The Pensive And Cheerful Travelers
WHEN, some years ago, I began to travel by train from a small country station to the large Central Station in Glasgow, I became acquainted with two very different travelers. They illustrated for me two poems learned by heart at school: John Milton's companion pieces, ``l'Allegro'' and ``Il Penseroso,'' the happy man and the pensive man.
I first became aware of the thoughtful traveler because he always sat alone, if not shunned then certainly given a wide berth by every other passenger. He was invariably half-hidden behind his newspaper and could sometimes be overheard muttering darkly to himself, sometimes striking the paper as if wishing to tear it to shreds.
One day, when I chanced to have the seat facing him, he suddenly lowered the paper, revealing a lugubrious face and owlish eyes that blinked from behind thick glasses. ``Politicians! Politics!'' were his opening words, while he kept stabbing at the lead article on the front page. ``Do you know how I see our world scene?'' he went on.
``No, I don't. How?'' I asked, since he seemed to be waiting for a reply.
``As a game of chess,'' he declared with a kind of grim satisfaction. ``Look, I'll show you,'' he said, fishing about in his pockets, taking out a handful of coins, pounds, and pence with a sprinkling of francs, rubles, and kopecks. On the homeward run, the carriage was often half-empty, so he was able to arrange on the seat beside him his coin kings and castles, rooks, bishops, queens, and pawns.
``Take the Balkans, take Serbia and Bosnia,'' he began, a little less dismally, as if at long last he had found a listening ear.
Not every traveler wishes to become involved in a history lesson after a day's work, but it seemed impossible to hurt this melancholy man's feelings; besides, there was a fascination in all the moves he made on his improvised chessboard.
``Take Britain with the loss of its empire and world role,'' he continued. ``What's the next obvious move? Take the Soviet Union's disintegration, the rise of the free republics. Look at the tangle of the new alliances and misalliances! In all my years of teaching children,'' he added with infinite sadness, ``I have yet to find one pupil with a sense of looking into the seeds of time.''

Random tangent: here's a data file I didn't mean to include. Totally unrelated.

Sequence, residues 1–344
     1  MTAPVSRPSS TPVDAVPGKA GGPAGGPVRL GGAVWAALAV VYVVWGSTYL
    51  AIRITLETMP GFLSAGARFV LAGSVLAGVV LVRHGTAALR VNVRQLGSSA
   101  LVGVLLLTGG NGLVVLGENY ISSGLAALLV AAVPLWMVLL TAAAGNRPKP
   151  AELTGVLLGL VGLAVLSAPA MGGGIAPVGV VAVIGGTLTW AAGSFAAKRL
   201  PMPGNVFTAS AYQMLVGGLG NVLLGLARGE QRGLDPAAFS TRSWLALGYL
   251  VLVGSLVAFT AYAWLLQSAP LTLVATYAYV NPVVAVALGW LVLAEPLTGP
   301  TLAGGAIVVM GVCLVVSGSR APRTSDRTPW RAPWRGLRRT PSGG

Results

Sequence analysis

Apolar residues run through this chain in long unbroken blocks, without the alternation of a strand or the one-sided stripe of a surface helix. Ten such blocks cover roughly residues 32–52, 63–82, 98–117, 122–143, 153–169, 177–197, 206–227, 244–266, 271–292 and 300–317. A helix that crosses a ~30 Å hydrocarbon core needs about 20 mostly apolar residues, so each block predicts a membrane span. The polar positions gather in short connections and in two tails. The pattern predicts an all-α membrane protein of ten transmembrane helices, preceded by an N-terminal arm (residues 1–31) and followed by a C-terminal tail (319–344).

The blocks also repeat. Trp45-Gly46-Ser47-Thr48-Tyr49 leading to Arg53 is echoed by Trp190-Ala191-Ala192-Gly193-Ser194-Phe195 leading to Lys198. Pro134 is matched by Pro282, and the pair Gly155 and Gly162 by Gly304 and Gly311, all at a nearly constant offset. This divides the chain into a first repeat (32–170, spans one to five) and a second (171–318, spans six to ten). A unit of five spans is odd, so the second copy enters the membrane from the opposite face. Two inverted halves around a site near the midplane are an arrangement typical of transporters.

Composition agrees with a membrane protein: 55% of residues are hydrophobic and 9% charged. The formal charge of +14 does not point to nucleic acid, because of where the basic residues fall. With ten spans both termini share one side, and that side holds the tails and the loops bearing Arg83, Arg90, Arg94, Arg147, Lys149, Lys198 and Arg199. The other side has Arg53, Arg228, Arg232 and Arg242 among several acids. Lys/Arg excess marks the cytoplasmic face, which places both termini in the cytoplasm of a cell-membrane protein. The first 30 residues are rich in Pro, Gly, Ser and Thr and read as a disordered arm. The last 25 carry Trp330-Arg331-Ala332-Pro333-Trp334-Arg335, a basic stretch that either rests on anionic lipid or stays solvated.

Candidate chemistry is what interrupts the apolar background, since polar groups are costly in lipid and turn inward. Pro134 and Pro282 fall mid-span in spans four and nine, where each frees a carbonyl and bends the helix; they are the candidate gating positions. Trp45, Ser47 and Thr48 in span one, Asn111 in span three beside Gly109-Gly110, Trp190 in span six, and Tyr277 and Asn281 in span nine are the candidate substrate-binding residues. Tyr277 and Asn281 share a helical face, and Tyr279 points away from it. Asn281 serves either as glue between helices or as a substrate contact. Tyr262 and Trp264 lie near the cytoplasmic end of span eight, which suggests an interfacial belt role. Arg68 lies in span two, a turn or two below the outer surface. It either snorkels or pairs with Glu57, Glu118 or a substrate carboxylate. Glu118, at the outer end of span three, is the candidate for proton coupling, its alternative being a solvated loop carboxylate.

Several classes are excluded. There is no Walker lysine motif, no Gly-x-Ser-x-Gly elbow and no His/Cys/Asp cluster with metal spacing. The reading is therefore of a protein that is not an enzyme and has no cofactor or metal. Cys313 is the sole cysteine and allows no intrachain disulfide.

SOMETIMES a penny pawn or a ruble rook went rolling down the carriage, either to be retrieved or else sneaked into some unscrupulous pocket. At first, everybody had gaped at this game of chess; then it was gradually taken for granted, a part of train travel. ``Why is there so much chaos, so much warfare?'' he would demand.
``Because,'' now he had arrived at his principal theory, ``in the world-game of politics, all the moves made are for self-seeking, time-serving expediency, not for the betterment of mankind, never for the truth. Why, so near the close of our 20th century, are we not better?''
His long, thin fingers moved his chessmen about. ``The most urgent task before us is to fight for the truth. We must never be economical with it.''
He sat opposite me, glowering down at the chessboard, a great bulky figure, his pockets stuffed with history essays to correct, pamphlets, petitions, and letters he had written to members of Parliament and their replies. He looked not so much like a haystack as an odd paperstack, rustling and crinkling when he moved. There was something magnificent about the old school-master in his solitary fight against the devious and the expedient.
It was a relief to find l'Allegro, the cheerful, merry man, on the inward journey to the Central. When I first noticed him, he was rubbing briskly at the frosted carriage window with his sleeve, creating a hole through which he peered out at the passing landscape.
There was something lively about him, an air of intense curiosity.
ON the first stage of the journey, the train passed wide fields and hedges, rivers, reservoirs, woodland rises and, far off, a long range of Highland hills: Ben Lomond, Ben Ledi, Ben Venue, the Cobbler, and the Campsies. Red deer sped along, soaring over fences and ditches; dogs raced the train; and from a heronry, the white and gray faces of fledgling herons looked down from conifers.
``There are marvels at every turn, if you look for them,'' said the happy traveler, addressing anyone listening. I happened to be the nearest. Everything he saw along the line reminded him of some adventure he'd had. ``See that wood over there,'' he began. ``I once spent a night in a tree there, frozen to the bone.''
``What were you doing up a tree?'' I asked him. He had a way of arousing interest in his listener, and a desire to know what happened next.